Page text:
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 One Family at War

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The Home Front – WW1

While many of the family are at the front and dealing with the brunt of World War 1, those at home had a busy if not exciting time.

We have significant insight within the Dibdin Family form letters to Lionel and Cecily from various people.

At the beginning of the war William Joseph Dibdin was living at Belmont in Sutton with his wife and 2 daughters, Christine and Margaret and occasionally Marian and Family.

Margaret working in a bank and Christine ran a school locally but this closed during the war because of issues with the Landlord so she worked in an office at the newly formed Air Board, which coincidentally Lionel worked for after he was retired from the front in France after a gassing.

Ethel by now had married and presumably moved to America and Lettie, a singer, was travelling around England performing.

Cecily, Lionel’s wife had two sons to look after and obtained a job with the local Gas Company. Sadly in Jan 1917 Stanley Aglio Dibdin, her eldest son died of pneumonia. Lionel had already joined up in 1916 and at the time was at the front. What was sad about the incident was that that two days before his death a letter indicated that Stanley was getting better

Stanley Haycraft, Cecily’s brother, had joined up at the beginning of the war having recently arrived back from Egypt working as an engineer. He kept Cecily on the go buying items, such as photographic equipment and a gramophone and sending them to the front. Stanley did not tell Cecily to much about his day to day activities but did discuss details in letters to Lionel once he had joined up. Before the war and at the beginning Lionel was working for his father in the sewage treatment business but it appears that the work was getting lees and less and so this may have encouraged him, with help from his brother in law to join up. Rex, Lionel’s brother who by now was at home with war injuries advised against joining. By 1917 Rex was out of the army and had joined a bank but as is seem in the article about his life his did not settle and suffered extreme depression in the 1920’s.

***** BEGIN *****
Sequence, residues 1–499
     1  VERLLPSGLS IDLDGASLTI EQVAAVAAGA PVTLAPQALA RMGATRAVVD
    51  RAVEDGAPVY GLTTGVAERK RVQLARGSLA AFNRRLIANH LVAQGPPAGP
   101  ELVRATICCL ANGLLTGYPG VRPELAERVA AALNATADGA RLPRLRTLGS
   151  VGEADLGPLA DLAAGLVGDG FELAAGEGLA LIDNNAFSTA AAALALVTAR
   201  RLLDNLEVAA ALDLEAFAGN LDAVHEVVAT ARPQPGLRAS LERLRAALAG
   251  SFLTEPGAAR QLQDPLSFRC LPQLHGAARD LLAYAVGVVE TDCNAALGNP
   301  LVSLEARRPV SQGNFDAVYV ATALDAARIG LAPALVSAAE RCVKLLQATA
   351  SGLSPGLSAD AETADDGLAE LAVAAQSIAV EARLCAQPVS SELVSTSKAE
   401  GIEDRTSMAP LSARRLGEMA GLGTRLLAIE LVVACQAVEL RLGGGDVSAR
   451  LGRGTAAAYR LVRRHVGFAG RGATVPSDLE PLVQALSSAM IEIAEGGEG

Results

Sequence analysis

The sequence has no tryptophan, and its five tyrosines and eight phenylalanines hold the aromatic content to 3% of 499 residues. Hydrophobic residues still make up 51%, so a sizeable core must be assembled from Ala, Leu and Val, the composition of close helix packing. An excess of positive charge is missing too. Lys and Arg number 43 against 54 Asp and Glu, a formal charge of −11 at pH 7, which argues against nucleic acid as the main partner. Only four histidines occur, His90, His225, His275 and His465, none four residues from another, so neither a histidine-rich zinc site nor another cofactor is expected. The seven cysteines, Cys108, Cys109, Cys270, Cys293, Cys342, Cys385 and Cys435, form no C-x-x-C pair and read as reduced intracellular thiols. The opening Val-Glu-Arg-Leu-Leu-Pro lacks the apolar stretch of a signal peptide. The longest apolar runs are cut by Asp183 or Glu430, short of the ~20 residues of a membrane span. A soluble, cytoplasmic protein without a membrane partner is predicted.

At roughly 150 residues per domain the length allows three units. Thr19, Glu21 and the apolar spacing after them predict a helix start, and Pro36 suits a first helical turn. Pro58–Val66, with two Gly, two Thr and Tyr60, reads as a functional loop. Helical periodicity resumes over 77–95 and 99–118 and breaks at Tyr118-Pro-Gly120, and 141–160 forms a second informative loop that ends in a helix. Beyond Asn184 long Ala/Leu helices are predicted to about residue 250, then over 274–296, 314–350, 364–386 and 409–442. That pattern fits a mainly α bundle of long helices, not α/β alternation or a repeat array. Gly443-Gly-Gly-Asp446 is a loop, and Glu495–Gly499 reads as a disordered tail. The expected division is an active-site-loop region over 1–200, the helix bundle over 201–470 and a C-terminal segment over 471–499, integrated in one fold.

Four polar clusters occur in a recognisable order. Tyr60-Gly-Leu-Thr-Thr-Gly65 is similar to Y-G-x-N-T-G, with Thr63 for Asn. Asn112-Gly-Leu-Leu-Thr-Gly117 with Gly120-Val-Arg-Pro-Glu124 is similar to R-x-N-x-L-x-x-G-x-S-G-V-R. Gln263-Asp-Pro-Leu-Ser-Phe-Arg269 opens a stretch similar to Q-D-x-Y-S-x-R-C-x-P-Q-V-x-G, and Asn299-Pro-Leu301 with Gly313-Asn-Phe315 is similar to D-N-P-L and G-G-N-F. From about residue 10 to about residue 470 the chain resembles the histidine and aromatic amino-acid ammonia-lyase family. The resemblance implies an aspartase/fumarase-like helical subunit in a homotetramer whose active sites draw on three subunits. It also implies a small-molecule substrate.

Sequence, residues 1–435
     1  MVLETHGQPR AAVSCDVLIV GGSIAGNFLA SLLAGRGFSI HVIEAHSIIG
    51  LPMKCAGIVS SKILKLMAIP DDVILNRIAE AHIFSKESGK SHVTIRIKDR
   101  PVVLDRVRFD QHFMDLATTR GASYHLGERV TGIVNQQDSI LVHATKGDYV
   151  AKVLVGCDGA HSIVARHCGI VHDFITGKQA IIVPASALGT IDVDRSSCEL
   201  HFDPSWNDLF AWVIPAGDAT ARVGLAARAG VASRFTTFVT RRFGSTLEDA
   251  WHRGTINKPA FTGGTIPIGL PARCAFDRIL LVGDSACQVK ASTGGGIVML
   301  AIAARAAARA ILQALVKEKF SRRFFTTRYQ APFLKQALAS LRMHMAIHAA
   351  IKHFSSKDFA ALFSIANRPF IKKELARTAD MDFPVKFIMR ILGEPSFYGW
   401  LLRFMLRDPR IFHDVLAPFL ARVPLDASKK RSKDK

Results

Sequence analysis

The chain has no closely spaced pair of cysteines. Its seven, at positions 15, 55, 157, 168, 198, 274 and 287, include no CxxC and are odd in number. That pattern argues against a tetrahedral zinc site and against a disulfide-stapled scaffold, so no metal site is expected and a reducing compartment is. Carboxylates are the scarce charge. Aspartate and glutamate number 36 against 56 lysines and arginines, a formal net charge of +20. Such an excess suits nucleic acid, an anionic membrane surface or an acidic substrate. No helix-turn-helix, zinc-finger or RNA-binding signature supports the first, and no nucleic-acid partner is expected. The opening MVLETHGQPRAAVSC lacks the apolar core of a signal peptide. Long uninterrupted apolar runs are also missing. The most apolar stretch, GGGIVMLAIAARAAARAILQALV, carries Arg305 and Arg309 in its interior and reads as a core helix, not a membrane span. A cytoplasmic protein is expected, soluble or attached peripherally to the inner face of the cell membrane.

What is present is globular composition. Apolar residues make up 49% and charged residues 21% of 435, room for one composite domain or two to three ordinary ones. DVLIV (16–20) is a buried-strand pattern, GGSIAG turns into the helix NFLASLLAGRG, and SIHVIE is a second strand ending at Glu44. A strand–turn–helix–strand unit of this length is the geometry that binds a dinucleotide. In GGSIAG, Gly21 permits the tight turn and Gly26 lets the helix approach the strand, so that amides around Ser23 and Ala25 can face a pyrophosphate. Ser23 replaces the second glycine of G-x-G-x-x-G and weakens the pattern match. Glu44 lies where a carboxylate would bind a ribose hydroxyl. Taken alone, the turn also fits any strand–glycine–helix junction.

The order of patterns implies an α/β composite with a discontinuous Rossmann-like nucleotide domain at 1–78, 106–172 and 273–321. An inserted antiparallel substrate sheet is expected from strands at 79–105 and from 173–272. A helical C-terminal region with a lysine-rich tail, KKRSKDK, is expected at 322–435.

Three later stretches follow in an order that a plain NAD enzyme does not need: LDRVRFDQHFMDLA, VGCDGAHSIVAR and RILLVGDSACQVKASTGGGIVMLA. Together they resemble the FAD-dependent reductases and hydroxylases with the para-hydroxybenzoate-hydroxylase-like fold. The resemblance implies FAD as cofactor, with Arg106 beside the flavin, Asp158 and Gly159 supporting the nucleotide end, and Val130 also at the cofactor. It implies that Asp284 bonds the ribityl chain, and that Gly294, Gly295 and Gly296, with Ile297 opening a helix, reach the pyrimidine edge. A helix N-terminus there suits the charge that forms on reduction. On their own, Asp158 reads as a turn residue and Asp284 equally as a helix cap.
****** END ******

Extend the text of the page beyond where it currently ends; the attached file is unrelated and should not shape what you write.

Bearing in mind the horrendous effects of the bombing in World War 2 it is sometimes overlooked that London experienced bombing in WW1 during 1917.

In 1916-17 Marian was ill and managing 1 child and gave birth to another, while her husband, Paul Montford, the sculptor was finishing work in Glasgow.

In 1917, William Joseph, at the age of 67, was asked to work in the ministry of munitions in Manchester and not only found the work tiresome but also became very ill because of the working conditions.

Judging from letters various aunts were busy knitting socks for the soldiers and Cecily was regularly sending cakes.

During the war William Joseph was still working on sewage treatment and in one letter to Lionel he refers to problems with the system on Lord Knutsford’ estate. Apparently there had been damage done by a fallen tree an despite repairs Lady Knutsford still complained of the smell. Lord Knutsford (Sydney George Holland of London Hospital fame) informed William that he had no sense of smell – He sent his kind regards to William’s son, Lionel, who had been involved in the original installation.

Despite the horrors and chaos of the trenches there were elements of everyday life. Lewis Davis, a bank employee, who between 1911 and 1919 had three sons, all involved in WW2, was asked by Lionel to send to him, at the front, details of a particular variation of chess.

Sydney George Holland, 2nd Viscount Knutsford (19 March 1855–27 July 1931) was a British barrister and peer.

Knutsford was the eldest twin son of the Conservative politician Henry Thurstan Holland, 1st Viscount Knutsford, and his wife Elizabeth Margaret Hibbert. His grandfather was the physician and travel writer Sir Henry Holland, 1st Baronet. His mother died when he was three years old.

Knutsford was educated at Wellington College and Trinity Hall, Cambridge, and was called to the Bar in 1879.[1] In 1888 he acted as Company Doctor to East and West India docks. He was a Director of many companies including an English, Scottish and Australian Bank, and the Underground Electric Railways Company. He was also a Director of City and South London Railway, London and Scottish Life Assurance Company and was an Honorary Fellow of Trinity Hall, Cambridge. He was made a Chairman of Poplar Hospital in 1891 before becoming President in 1920 and he was Chairman of the London Hospital House Committee from 1896 to 1931. He succeeded his father as Viscount Knutsford in 1914.

London Hospital documents show what an important role he played in raising finance for the Hospital. (Documentary Drama "Casualty 1907-1909")

Lord Knutsford married Lady Mary Ashburnham, daughter of Bertram Ashburnham, 4th Earl of Ashburnham, in 1883. They had two daughters. He died in July 1931, aged 76. As he had no sons he was succeeded in his titles by his younger twin brother Arthur.

.......To be Continued